It was a day that paramedics, witnesses and loved ones described as one when the planets aligned just right, despite the near-death experience of a Kluane First Nation woman.
Oct. 22, 2012 seemed like a normal Monday for Robin Bradasch, but her life changed at around noon. “I went to work, I did everything I normally would,” she said. Instead of going home for lunch, she met her husband at Murdoch’s Gem Shop. “With no forewarning I experienced a cardiac arrest and just collapsed,” she said.
Yesterday, Bradasch reunited with four of the five Emergency Medical Services paramedics who saved her life. The meeting took place at the ambulance station in Whitehorse.
EMS director Michael McKeage said the event was co-ordinated as part of a celebration of EMS week and the ongoing effort to recruit more volunteers to the service.
The Yukon EMS offers two types of services: the first is full-time paid staff members, including ground and flight services in Whitehorse and a volunteer-run service in surrounding communities.
“We’re always looking for people to help us, and see how they would like to fit in,” McKeage said.
It takes a village
A number of people played instrumental roles in helping Bradasch.
Cathy Young, a staff member at Murdoch’s, made the call to 911.
“Our maintenance man was up at the ceiling changing light bulbs and he saw everything first,” Young said. “And he was like, ‘We have a medical emergency! Quick! Everybody out of the store!’ And then everything started.”
From then on, it was a matter of minutes. The ambulance was called at 12:15 p.m. and arrived at 12:17, McKeage said.
McKeage, who was on lunch, witnessed the incident and helped resuscitate Bradasch. “In my experience of some 30 years, it was one of the most exceptionally run cardiac arrests that I’ve ever seen – well co-ordinated and very quiet and very calm and professionally dealt with,” he said.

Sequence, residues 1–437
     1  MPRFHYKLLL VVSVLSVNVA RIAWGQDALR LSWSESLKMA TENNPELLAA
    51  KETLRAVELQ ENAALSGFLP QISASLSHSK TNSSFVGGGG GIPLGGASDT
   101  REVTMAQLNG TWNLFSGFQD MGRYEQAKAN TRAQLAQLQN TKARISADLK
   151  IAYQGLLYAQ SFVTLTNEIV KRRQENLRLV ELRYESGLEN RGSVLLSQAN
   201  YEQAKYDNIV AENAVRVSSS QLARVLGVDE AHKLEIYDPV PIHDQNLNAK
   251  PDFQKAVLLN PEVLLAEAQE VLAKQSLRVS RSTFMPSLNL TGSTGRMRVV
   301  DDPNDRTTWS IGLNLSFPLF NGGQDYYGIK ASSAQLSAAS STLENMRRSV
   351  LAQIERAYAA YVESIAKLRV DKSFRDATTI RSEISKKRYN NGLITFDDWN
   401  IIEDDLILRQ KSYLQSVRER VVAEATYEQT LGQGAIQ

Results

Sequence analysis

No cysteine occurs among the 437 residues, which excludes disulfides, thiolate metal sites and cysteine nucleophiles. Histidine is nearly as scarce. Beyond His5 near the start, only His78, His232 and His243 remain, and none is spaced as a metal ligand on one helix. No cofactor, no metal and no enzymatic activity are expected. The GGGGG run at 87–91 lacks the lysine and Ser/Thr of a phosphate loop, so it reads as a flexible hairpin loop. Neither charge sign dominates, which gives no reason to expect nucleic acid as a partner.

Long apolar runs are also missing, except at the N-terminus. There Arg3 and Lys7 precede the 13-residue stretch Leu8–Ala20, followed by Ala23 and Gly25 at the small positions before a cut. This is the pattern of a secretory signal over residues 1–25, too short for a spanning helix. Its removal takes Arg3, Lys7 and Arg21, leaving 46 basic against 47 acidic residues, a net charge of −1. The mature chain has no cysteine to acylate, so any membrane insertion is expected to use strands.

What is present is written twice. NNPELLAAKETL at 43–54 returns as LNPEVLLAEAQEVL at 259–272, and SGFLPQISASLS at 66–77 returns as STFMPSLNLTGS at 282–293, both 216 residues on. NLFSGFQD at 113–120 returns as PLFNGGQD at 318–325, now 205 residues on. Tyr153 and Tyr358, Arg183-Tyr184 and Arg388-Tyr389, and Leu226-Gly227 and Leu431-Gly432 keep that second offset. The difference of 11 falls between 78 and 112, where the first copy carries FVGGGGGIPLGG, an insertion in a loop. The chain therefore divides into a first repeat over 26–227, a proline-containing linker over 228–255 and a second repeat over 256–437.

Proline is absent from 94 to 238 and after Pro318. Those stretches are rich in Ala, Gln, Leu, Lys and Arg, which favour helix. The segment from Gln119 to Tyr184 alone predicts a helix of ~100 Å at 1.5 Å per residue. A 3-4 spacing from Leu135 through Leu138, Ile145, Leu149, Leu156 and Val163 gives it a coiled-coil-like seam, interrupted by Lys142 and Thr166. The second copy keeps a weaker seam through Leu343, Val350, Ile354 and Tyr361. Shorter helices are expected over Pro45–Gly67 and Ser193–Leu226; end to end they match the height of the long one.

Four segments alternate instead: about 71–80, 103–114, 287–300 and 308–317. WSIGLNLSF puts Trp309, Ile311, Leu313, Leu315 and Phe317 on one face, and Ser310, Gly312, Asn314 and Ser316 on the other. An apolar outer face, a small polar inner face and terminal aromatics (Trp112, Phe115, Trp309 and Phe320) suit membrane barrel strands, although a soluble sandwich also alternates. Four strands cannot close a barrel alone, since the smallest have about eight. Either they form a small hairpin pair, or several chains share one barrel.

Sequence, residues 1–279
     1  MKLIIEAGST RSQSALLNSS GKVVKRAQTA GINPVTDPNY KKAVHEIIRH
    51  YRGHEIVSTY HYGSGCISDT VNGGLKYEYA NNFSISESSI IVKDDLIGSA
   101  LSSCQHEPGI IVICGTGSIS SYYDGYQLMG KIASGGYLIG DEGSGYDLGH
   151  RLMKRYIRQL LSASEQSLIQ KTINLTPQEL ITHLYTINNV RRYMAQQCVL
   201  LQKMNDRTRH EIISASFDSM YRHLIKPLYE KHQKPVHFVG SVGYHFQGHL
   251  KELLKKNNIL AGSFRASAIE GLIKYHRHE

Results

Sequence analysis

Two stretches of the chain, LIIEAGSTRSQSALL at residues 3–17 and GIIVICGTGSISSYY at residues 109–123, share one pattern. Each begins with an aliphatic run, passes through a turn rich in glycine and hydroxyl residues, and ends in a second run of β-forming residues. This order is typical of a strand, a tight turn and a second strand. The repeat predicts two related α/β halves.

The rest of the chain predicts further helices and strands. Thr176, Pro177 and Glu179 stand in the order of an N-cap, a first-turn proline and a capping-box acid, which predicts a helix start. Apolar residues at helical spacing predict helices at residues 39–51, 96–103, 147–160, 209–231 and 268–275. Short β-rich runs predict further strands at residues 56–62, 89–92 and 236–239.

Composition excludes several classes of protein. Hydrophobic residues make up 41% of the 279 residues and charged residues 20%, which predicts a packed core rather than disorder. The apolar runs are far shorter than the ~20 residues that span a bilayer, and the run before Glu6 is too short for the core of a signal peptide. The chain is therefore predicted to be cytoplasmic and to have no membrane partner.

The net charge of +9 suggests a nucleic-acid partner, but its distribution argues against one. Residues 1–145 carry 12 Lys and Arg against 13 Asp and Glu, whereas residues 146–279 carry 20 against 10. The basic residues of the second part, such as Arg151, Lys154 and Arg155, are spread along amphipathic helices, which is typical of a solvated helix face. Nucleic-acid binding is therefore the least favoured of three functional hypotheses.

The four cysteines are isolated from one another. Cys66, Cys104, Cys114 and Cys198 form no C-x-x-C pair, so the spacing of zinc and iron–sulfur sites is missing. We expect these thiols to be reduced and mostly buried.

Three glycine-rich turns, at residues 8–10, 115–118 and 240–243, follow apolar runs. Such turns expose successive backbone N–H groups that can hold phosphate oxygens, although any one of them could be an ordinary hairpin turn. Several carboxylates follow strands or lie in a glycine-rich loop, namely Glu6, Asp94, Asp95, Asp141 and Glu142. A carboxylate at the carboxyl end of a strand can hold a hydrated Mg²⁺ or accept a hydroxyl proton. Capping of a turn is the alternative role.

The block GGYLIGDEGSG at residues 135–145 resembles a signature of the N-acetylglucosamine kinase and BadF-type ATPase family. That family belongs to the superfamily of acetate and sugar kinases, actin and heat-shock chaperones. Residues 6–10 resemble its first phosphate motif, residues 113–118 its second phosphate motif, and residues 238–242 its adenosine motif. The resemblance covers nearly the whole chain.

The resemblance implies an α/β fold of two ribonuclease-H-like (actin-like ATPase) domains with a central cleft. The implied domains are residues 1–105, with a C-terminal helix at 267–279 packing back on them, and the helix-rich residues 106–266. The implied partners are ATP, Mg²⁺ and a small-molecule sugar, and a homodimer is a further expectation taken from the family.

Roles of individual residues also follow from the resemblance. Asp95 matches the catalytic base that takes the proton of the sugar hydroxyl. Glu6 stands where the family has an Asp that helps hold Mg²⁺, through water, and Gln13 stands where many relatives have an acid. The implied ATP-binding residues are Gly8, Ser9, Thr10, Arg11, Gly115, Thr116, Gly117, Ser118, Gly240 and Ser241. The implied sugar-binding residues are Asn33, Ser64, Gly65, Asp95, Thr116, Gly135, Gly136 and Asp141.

Bradasch’s sister, Katie Johnson, happened to also be at the scene. Staff at Murdoch’s told her she couldn’t go in. “I was like, ‘That’s my sister,’” she said, hands waving in the air. “So I took it emotionally, so it probably was a good thing that I left,” she added.
In describing the event, Bradasch started to choke up. “I heard that they shocked me something like eight times. I think that everybody kind of didn’t think that I was there anymore. But despite that they didn’t give up,” she said, gulping.
More help needed despite victory
McKeage threw out some notable numbers in relation to the Yukon’s emergency services. “We care for 7,000 patients in five scopes of practice – every year, every day. Every day five ambulances respond to calls in the communities and just last week we had 115 calls and 21 medevac requests in the city of Whitehorse,” he said.
The EMS team responds to only 15 cardiac protocols per year, McKeage said. Paramedic Devin Bailey, who was part of the advanced life support crew in Bradasch’s case, believes otherwise. “I feel like there’s more, and you only see one here. But we need to celebrate our successes, something like this means a lot,” he said.
Asked if Bradasch would have survived in a smaller community with volunteer-run services, McKeage said, “The volunteers in the communities maintain a level of skill and confidence to be able to address this kind of case and to give the most appropriate care early on. The defibrillation – which is absolutely key – that can be done in the communities as well as the CPR and ventilation,” he said.
Considering fewer than 100 people reside in Burwash Landing, where Bradasch is originally from, her death would have certainly impacted the community. Johnson describes her as the “matriarch” of the family, being the eldest who takes care of all of the siblings. Being an active Kluane member who fought for land claims adds to the stakes.
“Kluane First Nation has only 210 members, so we’re very small,” said Bradasch. “Everyone counts, right?”
“We have 150 folks inside the communities that are biology teachers and homemakers and plumbers and bankers that do intensive care medicine on a part-time basis to help their neighbours,” McKeage said.
“The people in the communities know these people. They know their students, their teachers or their child’s teacher. They know that it’s their aunty,” he added. “It’s rough when you know the people that you’re caring for.”
Contact Krystle Alarcon at